The facts that created obstacles for the Brent Crude Oil Plaintiffs’ CEA claims presented similar challenges for their antitrust claims. Specifically, the district court ruled that it did not have jurisdiction over Plaintiffs’ antitrust claims because Plaintiffs did not have antitrust standing. Brent Crude Oil, 2017 WL 2493135, at *7-11. The first criterion for antitrust standing is sufficiently alleging an antitrust injury, a threshold the court ruled Plaintiffs failed to cross. Id. at *9. The flaws that defeated Plaintiffs’ CEA claims were equally fatal to their case for antitrust injury. In particular, the district court concluded that Plaintiffs failed to establish that they were members of the “relevant market[s]” that would have been negatively affected by Defendants’ alleged anticompetitive activities: the physical Brent crude oil market in which Defendants traded and the market for any derivative instruments “that directly incorporate[d] Dated Brent as [the] benchmark or pricing element.” Id. While the Trader Plaintiffs traded Brent futures on NYMEX that were settled to the price of ICE Brent futures, those contracts were based on the ICE Brent index, which, in turn, did not use the Dated Brent assessment in its pricing. Id. at *10. The court noted that although there were some derivatives on NYMEX and ICE Futures Europe that did incorporate the Dated Brent assessment as a pricing element, Plaintiffs did not allege that they traded any of those products. Id. Similarly, while the Landowner Plaintiff was in the market for West Texas Intermediate (WTI) crude oil, Brent crude oil prices were not a benchmark for WTI, and the district court ruled that allegations of a correlation between WTI and Brent prices were insufficient to establish that the Landowner Plaintiff participated in the market allegedly harmed by defendants’ anticompetitive conduct. Id. The district court accordingly dismissed Plaintiffs’ complaints.17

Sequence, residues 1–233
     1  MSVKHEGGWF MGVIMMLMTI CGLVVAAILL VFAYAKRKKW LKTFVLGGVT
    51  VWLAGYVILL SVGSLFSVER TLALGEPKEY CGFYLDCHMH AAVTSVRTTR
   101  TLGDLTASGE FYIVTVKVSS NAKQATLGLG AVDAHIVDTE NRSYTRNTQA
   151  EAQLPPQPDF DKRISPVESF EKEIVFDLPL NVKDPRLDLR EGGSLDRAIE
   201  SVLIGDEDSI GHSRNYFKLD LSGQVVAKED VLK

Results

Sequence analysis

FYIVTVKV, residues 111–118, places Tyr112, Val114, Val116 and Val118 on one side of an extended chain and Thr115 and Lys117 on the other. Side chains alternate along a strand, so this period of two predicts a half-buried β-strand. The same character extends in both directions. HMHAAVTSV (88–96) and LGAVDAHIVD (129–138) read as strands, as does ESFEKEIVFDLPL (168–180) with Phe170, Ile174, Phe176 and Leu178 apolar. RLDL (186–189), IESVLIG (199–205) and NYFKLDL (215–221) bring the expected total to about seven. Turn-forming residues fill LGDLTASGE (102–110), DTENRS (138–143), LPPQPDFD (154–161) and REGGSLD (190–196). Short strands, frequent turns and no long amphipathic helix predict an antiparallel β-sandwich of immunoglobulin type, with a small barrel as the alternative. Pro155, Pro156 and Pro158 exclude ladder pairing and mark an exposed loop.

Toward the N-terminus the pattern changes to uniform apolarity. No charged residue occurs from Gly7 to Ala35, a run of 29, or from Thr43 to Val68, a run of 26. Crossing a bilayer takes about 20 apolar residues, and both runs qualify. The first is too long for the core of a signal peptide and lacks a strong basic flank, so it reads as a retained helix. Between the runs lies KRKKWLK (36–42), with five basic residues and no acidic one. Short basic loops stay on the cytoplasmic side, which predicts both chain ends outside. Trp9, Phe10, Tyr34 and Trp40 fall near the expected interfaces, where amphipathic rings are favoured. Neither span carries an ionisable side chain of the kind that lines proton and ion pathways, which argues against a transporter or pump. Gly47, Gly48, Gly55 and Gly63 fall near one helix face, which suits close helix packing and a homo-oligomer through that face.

Although the Morrison test provides a clear avenue for relief for defendants in cases where a plaintiff’s transactions are foreign, the decision in Brent Crude Oil demonstrates that courts also will look past a plaintiff’s domestic transactions to ensure that a claim does not pose the extraterritoriality concerns addressed in Morrison, especially where the connection between the plaintiff’s domestic transactions and the defendant’s foreign alleged misconduct is not readily apparent.